I suspect most Californians take for granted the possibility their community could be hit by an earthquake at any time.
After all, their state is on the Pacific Rim, where earthquakes are common.
Californians also have the much-heralded and unpredictable San Andreas Fault, perhaps the most unstable rock strata on the planet, within their state.
Back in the 1970s, I was in the Navy and stationed in San Diego.
I felt the ground shake one day from an earthquake in the Los Angeles area, the only time in my life I have had such an experience I am happy to say.
I realize Kingman residents experienced tremors last year from an earthquake in California that struck in the wee hours of the morning.
But I was sound asleep at the time and did not know anything had occurred until I went to work that morning, so I missed it.
People were going about their daily activities at the time of the quake I refer to in the early 1970s.
Some immediately knew what was happening, while others looked around in confusion.
Sitting on the western edge of the Pacific Rim is Japan, a country I visited during my Navy days.
The Japanese are not taking earthquakes for granted today, nor volcanoes.
Three volcanoes have had large eruptions in the last four months.
An eruption of Mount Oyama on the small resort island of Miyakejima was the largest there since 1990.
The island has about 4,000 residents.
Another volcano on a small island near Tokyo erupted, sending plumes of black ash into the sky and forcing the evacuation of more than 600 residents.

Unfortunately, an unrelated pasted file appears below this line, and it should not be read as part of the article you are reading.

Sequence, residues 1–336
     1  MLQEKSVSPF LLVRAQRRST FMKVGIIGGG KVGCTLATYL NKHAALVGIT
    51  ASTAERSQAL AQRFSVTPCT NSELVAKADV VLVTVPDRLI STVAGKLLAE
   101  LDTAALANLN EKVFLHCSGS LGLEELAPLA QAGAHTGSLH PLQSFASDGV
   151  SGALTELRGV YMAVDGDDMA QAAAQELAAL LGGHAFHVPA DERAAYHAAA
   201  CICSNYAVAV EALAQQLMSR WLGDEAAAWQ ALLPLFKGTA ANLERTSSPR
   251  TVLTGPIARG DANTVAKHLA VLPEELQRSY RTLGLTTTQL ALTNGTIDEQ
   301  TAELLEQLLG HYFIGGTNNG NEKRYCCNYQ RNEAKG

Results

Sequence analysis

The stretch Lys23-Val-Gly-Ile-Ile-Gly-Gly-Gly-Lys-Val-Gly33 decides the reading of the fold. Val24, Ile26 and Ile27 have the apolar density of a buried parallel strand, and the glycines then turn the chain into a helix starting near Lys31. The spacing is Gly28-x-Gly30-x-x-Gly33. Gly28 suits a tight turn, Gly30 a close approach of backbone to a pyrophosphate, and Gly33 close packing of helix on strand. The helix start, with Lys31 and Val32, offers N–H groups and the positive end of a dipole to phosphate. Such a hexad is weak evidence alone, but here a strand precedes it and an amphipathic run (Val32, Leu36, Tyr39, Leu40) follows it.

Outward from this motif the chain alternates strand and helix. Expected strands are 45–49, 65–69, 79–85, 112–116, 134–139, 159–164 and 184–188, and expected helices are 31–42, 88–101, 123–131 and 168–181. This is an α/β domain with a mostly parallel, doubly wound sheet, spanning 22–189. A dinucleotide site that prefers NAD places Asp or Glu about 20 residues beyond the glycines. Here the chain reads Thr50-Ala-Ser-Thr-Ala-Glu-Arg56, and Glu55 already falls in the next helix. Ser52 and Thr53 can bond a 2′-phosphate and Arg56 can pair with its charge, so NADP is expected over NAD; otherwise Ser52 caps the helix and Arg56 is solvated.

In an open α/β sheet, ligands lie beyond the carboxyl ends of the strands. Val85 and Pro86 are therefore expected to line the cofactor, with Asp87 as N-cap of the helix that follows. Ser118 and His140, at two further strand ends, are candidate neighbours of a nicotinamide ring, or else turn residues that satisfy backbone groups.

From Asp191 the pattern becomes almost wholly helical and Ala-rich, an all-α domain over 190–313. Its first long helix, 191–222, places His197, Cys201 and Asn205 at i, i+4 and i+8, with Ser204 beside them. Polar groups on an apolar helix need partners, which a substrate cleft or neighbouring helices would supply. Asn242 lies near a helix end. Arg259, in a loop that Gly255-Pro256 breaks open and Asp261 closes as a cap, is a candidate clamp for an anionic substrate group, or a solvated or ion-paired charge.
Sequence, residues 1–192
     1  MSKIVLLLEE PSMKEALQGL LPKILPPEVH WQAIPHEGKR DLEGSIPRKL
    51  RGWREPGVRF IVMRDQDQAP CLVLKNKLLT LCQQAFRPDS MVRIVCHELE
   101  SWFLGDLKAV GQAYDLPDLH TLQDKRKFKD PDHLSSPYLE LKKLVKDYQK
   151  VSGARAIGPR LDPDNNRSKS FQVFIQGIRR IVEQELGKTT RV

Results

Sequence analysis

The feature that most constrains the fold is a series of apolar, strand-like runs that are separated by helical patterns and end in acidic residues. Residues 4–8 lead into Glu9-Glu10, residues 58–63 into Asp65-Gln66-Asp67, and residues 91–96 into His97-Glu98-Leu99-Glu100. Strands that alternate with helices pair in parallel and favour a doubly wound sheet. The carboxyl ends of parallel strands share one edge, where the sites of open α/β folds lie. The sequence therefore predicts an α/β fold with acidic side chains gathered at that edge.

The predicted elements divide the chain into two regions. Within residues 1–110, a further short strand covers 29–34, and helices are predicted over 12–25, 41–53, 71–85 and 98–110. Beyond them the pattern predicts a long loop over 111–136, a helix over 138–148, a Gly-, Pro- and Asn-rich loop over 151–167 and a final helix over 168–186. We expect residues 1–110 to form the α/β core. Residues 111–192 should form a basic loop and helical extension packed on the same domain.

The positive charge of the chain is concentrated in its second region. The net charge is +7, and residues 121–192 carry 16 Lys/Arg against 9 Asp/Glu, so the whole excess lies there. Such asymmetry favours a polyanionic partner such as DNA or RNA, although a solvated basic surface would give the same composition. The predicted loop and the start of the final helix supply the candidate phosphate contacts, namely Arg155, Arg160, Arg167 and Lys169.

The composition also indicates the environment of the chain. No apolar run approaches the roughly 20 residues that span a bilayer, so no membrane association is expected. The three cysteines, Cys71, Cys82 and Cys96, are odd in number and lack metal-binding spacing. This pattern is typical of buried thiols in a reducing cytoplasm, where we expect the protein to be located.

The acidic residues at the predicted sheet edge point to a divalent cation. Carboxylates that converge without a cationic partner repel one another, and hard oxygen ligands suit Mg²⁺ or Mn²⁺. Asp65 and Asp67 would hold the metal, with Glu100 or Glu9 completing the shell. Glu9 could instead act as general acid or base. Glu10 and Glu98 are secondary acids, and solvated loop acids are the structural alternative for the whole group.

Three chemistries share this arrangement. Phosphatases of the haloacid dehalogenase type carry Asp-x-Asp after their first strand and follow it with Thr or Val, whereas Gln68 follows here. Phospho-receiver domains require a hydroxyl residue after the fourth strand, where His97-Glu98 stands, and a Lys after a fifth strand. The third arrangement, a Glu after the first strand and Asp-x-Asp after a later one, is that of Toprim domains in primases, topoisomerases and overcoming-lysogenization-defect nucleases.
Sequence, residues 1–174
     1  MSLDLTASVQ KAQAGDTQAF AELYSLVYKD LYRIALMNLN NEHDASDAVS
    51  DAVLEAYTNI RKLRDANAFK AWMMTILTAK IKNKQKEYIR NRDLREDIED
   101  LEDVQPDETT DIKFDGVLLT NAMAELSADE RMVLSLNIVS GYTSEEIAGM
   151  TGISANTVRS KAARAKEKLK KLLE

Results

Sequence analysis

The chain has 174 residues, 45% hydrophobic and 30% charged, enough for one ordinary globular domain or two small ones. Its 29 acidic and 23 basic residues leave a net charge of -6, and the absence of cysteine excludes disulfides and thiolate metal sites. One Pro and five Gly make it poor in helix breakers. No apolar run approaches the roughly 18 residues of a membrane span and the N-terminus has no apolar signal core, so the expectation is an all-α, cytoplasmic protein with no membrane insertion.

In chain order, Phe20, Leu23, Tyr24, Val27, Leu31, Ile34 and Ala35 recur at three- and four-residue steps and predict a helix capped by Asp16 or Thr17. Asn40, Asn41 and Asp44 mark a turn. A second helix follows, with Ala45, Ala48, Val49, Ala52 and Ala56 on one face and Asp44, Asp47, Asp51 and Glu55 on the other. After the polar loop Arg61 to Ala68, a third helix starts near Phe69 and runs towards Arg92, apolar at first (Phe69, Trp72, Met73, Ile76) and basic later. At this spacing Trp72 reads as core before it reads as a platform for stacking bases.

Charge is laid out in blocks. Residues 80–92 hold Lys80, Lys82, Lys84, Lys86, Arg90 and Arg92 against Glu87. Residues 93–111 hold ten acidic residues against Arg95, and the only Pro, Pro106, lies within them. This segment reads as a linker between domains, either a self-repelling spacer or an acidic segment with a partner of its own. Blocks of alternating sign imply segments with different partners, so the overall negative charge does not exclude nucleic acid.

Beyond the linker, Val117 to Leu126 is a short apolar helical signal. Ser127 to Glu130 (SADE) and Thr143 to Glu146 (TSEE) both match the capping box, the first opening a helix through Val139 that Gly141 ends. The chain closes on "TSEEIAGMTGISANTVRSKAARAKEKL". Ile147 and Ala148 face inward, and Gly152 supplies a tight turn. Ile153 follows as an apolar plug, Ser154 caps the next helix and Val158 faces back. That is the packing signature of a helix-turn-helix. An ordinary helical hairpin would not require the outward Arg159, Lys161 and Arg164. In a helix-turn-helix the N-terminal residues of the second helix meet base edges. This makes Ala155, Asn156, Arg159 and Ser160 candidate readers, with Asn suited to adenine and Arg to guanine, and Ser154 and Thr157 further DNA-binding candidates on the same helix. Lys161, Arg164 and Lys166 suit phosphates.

Seismographs on Miyakejima have recorded tens of thousands of earthquakes in the last two months.
They are thought to be caused by shifts in the vast underground pools of magma.
Buildings in Tokyo and Yokohama, 120 miles away, have swayed from some of the 12,000 quakes strong enough to be felt.
In July, a magnitude 6.1 earthquake hit the central Japan province of Ibaraki.
An offshore quake measuring 7.3 on the Richter scale stopped bullet trains running southwest of Tokyo.
These natural disasters add to the problems caused in Japan by typhoons during this time of year.
Typhoons are the name given in the western Pacific to what we know as hurricanes.
While some hurricanes form off the west coast of Mexico and can move northward into the southwestern states, most of those storms tend to head west into the open Pacific, thus posing little danger to Arizona.
The hurricane (or typhoon) season in the Pacific always seems to start earlier and have more storms than its counterpart in the Atlantic Ocean.
Hurricane Andrew ravaged Florida in 1992 and was a major reason why I chose to move away from the Sunshine State.
Whenever I see a report on the television about a hurricane or typhoon striking some populated region, I feel sympathy for those affected and thank God that I was able to move someplace where the weather is far less violent.
But getting back to Japan, roughly 20 million people live in the greater Tokyo area.
Tokyo was struck by earthquakes in 1703, 1782 and 1812.
The death count there from quakes was 7,000 in 1855 and over 100,000 from the Great Kanto Earthquake of 1923.
Estimates suggest about 7,100 people would die and about 500,000 homes would be destroyed in a magnitude 7 quake hit Tokyo today.
I hope you are never caught up in an earthquake or volcanic eruption.
I also hope you do not take a sunny day for granted any more.
Arizonans have much for which to be thankful.